It is believed that a 13-year-old boy was the first to defeat the unbeatable game: Tetris

A 13-year-old boy from Oklahoma seems to have finally achieved the almost impossible: beat Tetris.

Willis Gibson is believed to be the first human player to reach level 157 of the classic video game almost 40 years after its release.

“I’m going to pass out, I can’t feel my fingers,” Gibson said after his feat caused the game to crash into a video posted on YouTube on Tuesday.

“When I started playing this game, I never expected the game to crash or overrun,” Gibson wrote in the video description.

Gibson’s viral 38-minute gameplay video, posted under his username “Blue Scuti,” is the latest surge in nostalgia for the addictive and long-lasting game created by a Soviet engineer in 1984 and popularized on the Nintendo Entertainment System.


To date, more than 200 official Tetris variants have been released on at least 70 systems, a world record according to Guinness World Records. The mobile version developed by Electronic Arts and released in 2006 has been sold 100 million times, making it the third best-selling video game of all time, according to a Hewlett Packard Report last year.

The creator himself has said that he was instantly hooked after creating the game.

“I couldn’t help but play this prototype version, because it was so addictive putting the shapes together,” Alexey Pajitnov told CNN in 2019.

After its creation, Tetris spread rapidly and has staying power, so enduring that the story of its Cold War-era inception was turned into a movie for Apple TV+ in March.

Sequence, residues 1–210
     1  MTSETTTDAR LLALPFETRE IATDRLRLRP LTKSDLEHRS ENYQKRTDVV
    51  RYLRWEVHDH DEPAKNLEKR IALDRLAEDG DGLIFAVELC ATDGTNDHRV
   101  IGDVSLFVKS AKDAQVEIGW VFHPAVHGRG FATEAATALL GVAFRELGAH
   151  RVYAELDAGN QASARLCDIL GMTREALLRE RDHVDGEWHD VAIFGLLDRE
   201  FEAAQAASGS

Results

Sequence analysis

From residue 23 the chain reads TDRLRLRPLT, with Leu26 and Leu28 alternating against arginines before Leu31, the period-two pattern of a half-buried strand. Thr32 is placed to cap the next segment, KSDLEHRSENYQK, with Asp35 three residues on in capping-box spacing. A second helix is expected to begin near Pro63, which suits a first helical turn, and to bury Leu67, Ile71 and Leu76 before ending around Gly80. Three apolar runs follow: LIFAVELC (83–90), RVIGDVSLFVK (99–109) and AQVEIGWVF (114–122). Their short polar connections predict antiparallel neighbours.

“It hooked us almost in a primitive state,” said Victor Lucas, a games expert behind the television series Electric Playground. “Frankly, it transcends video games, like checkers or chess. It’s just one of those Juggernaut gaming experiences that any human being can understand immediately and consume forever.”

The game is simple: manipulate and join blocks that fall in different ways to create solid rows. As the level goes up, the blocks fall faster.

While other video games today offer plots, hundreds of characters, cinema-like visuals and even live concerts by Travis Scott, some experts say Tetris’ simplicity is what has kept it popular for decades.

Although Tetris has remained the same throughout the decades, the way the game is played has evolved. Until 2011, players believed that level 29 was the highest possible because that level featured the fastest speed in the game.

“It’s so well designed and so engaging for so many generations of gamers that people are literally discovering new feats to accomplish, scores to beat, and challenges to overcome,” video game expert and consultant Scott Steinberg told CNN. “It constantly presents a host of new challenges that even teachers find difficult to address.”

Tetris’ staying power stems from both the game’s simplicity and its difficulty.

Once that level 29 barrier was broken, players began reaching higher and higher levels in tournaments like the Classic Tetris World Championship with techniques including “hypertapping” and “rolling.”

Gibson finished third at the 2023 world championship. And while Gibson is a record-breaking human player, a Tetris-playing AI reached level 236 in 2021 by manipulating the game’s parameters.

Even in an age where some video games “cost as much and look as good as many Hollywood movies,” there is still something to be said for a game that is simple, elegant, incredibly accessible, and fun for gamers of any age or age. . background,” Scott Steinberg told CNN. “Sometimes simpler is better and the best games really stand the test of time.”

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